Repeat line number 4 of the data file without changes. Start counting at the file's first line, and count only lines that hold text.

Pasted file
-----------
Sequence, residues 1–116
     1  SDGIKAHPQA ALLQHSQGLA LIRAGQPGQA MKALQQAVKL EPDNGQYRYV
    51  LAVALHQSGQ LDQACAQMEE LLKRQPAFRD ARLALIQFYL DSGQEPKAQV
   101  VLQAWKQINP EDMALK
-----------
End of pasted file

   101  VLQAWKQINP EDMALK